A goal to put the opposing team up by two with a little over eight minutes to go in a game does not end the contest by any means. At least, usually. Back in 2015 against the Tampa Bay Lightning in the postseason, though, it had the feeling of an empty net goal against just as time expires. In the two prior games at Madison Square Garden against the Lightning, the Rangers had been outscored 8-2 including a 2-0 shutout in their previous meeting. That second Tampa goal ended the Rangers’ playoff run and most Rangers’ fans watched the final minutes knowing that this might be the last good kick at the can they would get for a while, as their third trip to the third round or beyond came to skidding halt at the side of the road to the Stanley Cup.
#4 Pageau, Pageau, Pageau, Pageau!
J.G. Pageau, known to Rangers’ fans as “that little piece of fucking shit that scored again” was not done for the night when he buried the game-tying goal with just 62 seconds remaining in the third period. He would score again in overtime to seal the win because of course, he did. As painful as that final nail would be, it was the tying goal that really defined the Rangers’ night. There was little doubt among Rangers’ fans that the game was over at that moment, even as the outcome would not be decided until the second overtime.
#3 7.7 Dreary Seconds
The instances above all stung quite a bit, but we’re now hitting those last few goals against that had you waking up the entire house as you screamed out in anguish. There were quite a few goals above that occurred in later rounds of the playoffs or deep into overtime, but at number three, we have a goal-against that hurts just a little bit more. The Rangers were just moments, 7.7 seconds in fact, away from setting up an elimination game against the Buffalo Sabres that could propel the team into the Conference Final for the first time since Wayne Gretzky was a New York Ranger back in 1997. Between then and now was over a decade known as “the Dark Ages” where the Rangers missed the playoffs in all but one of those seasons – a sweep by the New Jersey Devils just a season before. 7.7 seconds. That was the time left on the game-clock when Chris Drury (remember him?) tucked in the tying goal which would eventually lead to an overtime win and set up a must-win game-six that the Rangers would lose to end their season.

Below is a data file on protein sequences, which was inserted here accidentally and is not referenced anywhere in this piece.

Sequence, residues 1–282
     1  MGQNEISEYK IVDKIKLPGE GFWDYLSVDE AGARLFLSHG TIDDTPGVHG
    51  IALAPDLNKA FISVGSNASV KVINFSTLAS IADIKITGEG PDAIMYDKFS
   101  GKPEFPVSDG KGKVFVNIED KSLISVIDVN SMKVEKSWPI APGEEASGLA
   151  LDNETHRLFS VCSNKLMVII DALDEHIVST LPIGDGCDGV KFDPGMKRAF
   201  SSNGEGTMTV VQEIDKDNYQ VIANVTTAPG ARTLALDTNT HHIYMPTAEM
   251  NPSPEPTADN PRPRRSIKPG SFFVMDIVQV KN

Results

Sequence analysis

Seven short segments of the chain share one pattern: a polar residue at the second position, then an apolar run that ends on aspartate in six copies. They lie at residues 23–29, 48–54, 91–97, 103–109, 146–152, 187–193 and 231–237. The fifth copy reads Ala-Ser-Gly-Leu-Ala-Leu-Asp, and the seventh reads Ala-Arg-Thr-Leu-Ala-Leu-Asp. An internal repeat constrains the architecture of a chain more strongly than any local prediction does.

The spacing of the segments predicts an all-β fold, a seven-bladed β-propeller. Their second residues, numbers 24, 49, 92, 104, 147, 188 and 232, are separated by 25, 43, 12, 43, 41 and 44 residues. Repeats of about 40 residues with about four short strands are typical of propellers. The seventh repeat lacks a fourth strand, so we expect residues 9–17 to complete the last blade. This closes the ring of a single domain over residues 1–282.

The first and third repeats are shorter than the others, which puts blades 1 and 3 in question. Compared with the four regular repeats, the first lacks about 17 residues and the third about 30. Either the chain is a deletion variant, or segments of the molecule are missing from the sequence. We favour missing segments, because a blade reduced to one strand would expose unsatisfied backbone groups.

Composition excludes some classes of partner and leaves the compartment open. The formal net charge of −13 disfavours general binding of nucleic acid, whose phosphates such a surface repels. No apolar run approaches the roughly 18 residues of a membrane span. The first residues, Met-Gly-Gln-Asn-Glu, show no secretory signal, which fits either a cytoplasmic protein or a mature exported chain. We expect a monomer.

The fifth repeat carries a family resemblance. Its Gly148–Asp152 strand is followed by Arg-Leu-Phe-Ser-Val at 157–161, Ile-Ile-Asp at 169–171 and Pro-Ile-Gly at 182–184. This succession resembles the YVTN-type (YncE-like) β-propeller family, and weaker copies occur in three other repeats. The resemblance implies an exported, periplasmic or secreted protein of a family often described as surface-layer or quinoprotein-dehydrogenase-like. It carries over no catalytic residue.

#2 @#$%! Henrique
The Rangers traveled the long and mostly correct path to respectability after the 2004/2005 season was lost to a lockout which began the Salary Cap Era. They took their time, balancing big ticket free agent signings along the way. With home grown inexpensive talent through shrewd drafting and disciplined development, they seemed to be poised to begin a stretch where they would be contenders again. That patience looked like it might finally be paying off when John Tortorella helped to will his team through the 2012 playoffs by demanding from each player tireless work and sacrifice. Even down three games to two and facing elimination in overtime against the Rangers’ biggest rival at the time, the New Jersey Devils, there was a feeling the team might have something left. After all, “Matteau, Matteau, Matteau” and all that. Just a minute into the extra period, though, Adam Henrique pulled back the curtain and exposed that there was no great and powerful Wizard of Oz pulling the last few strings of a Rangers’ comeback for the ages, but instead there was just a round black piece of frozen rubber crossing a red painted goal line before coming to rest in the back of Lundqvist’s net for the final time that year.
OK, you’ve made it this far and you probably know what’s coming next. Even though that won’t ease that queasy feeling you’ve no doubt come to accept anytime this special time in Rangers’ history comes up. The first series the Rangers’ competed for the Stanley Cup in since their 52-year championship drought ended in 1994 would see the team continually self-destruct. In games one and two the Rangers did not trail for a second, yet lost both games in overtime after surrendering several two-goal leads throughout the games. They would get handled easily in game three and then take game four to cut their deficit down to three games to one. After leading game five heading into the third period, former Ranger sniper Marian Gaborik would tie things up in the third. Surely the Rangers would not lose a third straight overtime match against Los Angeles in a row. Surely their season would not end off the stick of streaking defenseman Alec Martinez.
If you manage to uncurl out of the fetal position, release your clenched fists and clean up the vomit off your shoes and still feel somehow unsatisfied with this list, here for one last kick in the nuts (or lady nuts for our masochistic female fans) are those goals against that missed the top-ten, but still deserve dishonorable mention:
Disagree with the order? Is there a goal missing from this list? Want to punch a kitten in the face? Let me know about it on Twitter @DaveMRogers